The Environmental Protection Authority (EPA) has recommended environmental approval of a natural gas pipeline proposal on the Burrup Peninsula in the Pilbara region, subject to conditions including the protection of internationally significant Aboriginal rock art.
The proponent, DDG Operations Pty Ltd, proposes to develop and operate the Pluto North West Shelf Interconnector – a 3.3 kilometre buried steel pipeline within the Dampier to Bunbury Gas Pipe Line Corridor to connect the Pluto Liquefied Natural Gas plant and Karratha Gas Plant.
The environmental assessment included targeted consultation with key Indigenous stakeholders for the Burrup Peninsula (Murujuga) and the proponent to avoid potential disturbance to archaeological and ethnographic sites during construction.
The EPA has recommended a condition requiring the implementation of a Cultural Heritage Management Plan to ensure the proposal does not cause long-term impacts on Aboriginal heritage values.
EPA Chair Tom Hatton said it was the EPA’s view that impacts to the key environmental factors were manageable, provided the recommended conditions were imposed so the proposal did not have long-term impacts on Aboriginal heritage values or significant flora and fauna.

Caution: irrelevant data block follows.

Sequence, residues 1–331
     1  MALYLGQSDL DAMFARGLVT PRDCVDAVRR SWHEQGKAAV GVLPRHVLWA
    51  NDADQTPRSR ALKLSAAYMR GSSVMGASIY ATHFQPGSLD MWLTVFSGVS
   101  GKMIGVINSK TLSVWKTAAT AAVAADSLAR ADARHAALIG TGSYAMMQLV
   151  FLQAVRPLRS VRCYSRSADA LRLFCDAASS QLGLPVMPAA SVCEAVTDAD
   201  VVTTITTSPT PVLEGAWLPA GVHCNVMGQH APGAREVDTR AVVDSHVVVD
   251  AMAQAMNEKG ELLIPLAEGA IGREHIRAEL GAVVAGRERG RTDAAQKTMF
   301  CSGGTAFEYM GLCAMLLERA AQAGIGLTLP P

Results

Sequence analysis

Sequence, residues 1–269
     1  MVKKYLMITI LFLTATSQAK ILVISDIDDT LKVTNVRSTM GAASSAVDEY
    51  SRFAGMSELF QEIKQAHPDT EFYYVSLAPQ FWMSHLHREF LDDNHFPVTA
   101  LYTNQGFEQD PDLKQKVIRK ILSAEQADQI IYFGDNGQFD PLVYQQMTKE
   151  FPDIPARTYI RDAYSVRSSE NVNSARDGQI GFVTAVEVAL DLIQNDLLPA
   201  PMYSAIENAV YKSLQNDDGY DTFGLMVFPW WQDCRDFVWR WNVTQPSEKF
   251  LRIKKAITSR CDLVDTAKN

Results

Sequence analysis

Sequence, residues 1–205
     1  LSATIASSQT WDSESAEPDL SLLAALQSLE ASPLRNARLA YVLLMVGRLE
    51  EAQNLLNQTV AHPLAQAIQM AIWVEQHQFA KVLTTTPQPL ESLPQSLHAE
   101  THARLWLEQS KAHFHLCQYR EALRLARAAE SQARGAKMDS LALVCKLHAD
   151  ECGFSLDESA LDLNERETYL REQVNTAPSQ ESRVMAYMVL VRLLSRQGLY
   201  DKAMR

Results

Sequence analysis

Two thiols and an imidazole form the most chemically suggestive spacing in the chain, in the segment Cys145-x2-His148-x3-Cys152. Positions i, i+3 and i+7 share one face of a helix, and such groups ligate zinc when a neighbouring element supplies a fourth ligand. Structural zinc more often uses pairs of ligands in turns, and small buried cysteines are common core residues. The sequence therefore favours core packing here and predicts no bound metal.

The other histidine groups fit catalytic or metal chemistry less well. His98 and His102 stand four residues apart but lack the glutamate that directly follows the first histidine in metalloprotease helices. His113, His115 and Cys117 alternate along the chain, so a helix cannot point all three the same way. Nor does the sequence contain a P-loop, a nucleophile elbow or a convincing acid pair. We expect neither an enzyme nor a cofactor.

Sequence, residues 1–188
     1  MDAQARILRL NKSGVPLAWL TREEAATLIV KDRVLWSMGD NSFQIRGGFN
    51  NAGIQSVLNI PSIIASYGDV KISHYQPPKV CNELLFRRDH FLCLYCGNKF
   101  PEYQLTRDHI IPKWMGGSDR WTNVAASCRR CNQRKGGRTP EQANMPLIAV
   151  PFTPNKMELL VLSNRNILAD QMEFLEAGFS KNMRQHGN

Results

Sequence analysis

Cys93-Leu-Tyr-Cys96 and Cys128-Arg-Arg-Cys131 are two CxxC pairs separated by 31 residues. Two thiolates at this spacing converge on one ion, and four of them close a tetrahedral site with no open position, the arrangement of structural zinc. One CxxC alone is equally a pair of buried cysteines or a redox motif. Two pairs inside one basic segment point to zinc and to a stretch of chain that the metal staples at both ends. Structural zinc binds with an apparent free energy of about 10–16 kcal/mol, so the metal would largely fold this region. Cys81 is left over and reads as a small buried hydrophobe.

“The EPA’s assessment of the proposal as a whole took into account the impacts to the key environment factors of Social Surrounds (aboriginal heritage and culture), Flora and Vegetation and Terrestrial Fauna and the proponent’s proposed mitigation measures,” Dr Hatton said.
The EPA also recommended a condition requiring implementation of a Construction Environmental Management Plan to minimise impacts from construction activities to the Burrup Peninsula and to significant fauna likely to be in the area, in particular the Northern quoll and Pilbara olive python.
The EPA’s report to the Minister for Environment is now open for a fourteen-day public appeal period, closing 18 June 2019.